Model T, all souped up, when he was young. I ask where Bud was living
early 1960s and how he got associated with Art Arfons. Ted says he was
had known the Arfons going way back. “My dad used to go to the Arfons
get grain and stuff. And so he knew Art’s dad real well, and he knew
seeing him there.”]
kind of guy was
He was a good
guy, a character. He done everything and
anything. He was a good guy. Well, his wife lives right there by Art’s
accompany Art on all his Bonneville trips?
[Art, Ed and Bud] were together all the time.
And then there was Charlie [Mayenschein], who got killed, car hit him
head on. Charlie was a
hell of a nice guy. And there was a tall skinny guy who wore glasses
can’t remember his name to save my life [Henry Butkiewicz]. But I
remember Charlie because he really
When one of
the wheels [i.e. a big wheel] from Firestone
came out to see Art, he asked if he should send an engineer out to make
blueprints for the car. And Art looked at him and said, “For what?” And
said, “Well, so you can build the car.” And Art says, “I only got one
guy on my
crew that can read blueprints. None of the rest of us can.” And that
your dad could
Oh yeah. See,
he was a paint contractor.
work off blueprints.
Well, I wasn’t
there, but that’s what was said.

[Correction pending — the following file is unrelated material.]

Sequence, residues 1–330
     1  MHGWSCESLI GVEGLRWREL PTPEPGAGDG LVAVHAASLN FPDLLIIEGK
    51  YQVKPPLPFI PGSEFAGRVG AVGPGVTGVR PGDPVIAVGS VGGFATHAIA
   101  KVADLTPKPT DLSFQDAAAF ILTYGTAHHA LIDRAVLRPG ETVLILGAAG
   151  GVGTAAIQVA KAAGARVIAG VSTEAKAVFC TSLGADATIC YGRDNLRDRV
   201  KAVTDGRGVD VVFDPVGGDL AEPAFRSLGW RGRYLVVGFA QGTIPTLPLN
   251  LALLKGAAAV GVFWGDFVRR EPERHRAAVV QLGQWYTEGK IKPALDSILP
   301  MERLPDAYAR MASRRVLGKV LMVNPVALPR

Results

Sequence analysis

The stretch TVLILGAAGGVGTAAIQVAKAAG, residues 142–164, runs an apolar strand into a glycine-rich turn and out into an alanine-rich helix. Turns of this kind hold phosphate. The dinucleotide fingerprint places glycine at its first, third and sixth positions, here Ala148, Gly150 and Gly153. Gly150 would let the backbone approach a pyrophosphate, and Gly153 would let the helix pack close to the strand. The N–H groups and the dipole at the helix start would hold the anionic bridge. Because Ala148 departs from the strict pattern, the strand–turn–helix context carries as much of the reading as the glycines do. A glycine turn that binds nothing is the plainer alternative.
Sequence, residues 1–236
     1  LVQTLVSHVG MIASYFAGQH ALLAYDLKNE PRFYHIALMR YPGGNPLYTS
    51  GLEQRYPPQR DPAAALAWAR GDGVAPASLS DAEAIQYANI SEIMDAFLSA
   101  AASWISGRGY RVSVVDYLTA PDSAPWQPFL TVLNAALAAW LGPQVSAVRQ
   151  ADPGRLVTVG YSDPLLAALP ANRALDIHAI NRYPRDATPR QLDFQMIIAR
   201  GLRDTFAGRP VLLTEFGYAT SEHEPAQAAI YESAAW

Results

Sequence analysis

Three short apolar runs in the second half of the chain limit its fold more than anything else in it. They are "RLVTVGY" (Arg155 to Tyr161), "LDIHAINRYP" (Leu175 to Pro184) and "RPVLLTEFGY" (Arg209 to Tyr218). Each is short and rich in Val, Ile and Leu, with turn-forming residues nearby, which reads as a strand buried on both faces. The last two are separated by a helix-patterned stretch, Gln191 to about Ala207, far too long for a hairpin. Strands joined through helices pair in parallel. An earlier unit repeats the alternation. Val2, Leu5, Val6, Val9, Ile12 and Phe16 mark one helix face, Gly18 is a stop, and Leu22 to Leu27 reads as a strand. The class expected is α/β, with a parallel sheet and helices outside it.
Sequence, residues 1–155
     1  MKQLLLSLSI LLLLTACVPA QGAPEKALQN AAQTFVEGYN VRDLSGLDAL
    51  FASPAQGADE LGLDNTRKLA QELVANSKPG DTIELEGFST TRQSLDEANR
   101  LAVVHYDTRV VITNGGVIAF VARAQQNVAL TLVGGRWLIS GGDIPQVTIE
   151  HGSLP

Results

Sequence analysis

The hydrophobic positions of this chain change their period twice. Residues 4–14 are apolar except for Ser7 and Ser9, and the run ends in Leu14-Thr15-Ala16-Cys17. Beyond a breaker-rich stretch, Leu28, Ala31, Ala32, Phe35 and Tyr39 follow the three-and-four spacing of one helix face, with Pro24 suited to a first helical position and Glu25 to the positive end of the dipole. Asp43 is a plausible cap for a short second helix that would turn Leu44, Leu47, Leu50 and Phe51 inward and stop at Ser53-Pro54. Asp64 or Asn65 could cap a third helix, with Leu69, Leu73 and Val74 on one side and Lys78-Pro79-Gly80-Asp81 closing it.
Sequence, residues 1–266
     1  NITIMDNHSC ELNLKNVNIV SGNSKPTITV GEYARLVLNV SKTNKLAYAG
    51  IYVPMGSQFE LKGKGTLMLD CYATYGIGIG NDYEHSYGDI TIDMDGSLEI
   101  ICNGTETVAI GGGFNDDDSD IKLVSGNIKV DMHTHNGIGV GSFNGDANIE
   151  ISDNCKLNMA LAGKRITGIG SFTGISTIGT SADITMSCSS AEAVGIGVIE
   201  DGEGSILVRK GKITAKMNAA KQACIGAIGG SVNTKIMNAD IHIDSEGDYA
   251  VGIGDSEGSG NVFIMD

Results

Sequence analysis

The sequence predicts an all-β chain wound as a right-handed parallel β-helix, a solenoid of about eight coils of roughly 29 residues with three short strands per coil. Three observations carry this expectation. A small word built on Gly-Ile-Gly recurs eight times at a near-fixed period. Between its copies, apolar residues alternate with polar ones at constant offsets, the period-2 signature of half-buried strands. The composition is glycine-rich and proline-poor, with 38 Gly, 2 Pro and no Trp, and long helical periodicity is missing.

actually help build the car too?
Oh yeah. He’d
go there every night. He spent a tremendous
amount of time there.
get paid for helping Art, did he? He did it just as a volunteer, just
because he loved it?
That’s it. As
far as I know he never made a nickel on it.
[Ted goes on
to relate the story when a newsman
rides along with Art in the Green Monster in the late '60s and the car
crashes and the guy is
killed. In Ted’s version the newsman sneaks into the second cockpit,
unbeknownst to Art. Bud was there.] Well, Art dumped the car. And my
to Garth Hardacre, “Get the truck.” And there were some officials and
there and he got mad and said, “Get these people out of here.” And
going to winch the car up onto the truck and get it outta there,
dead. That’s it. The car’s laying on that side. And Pappy said that
went to get the truck he’s standing there looking and the dirt started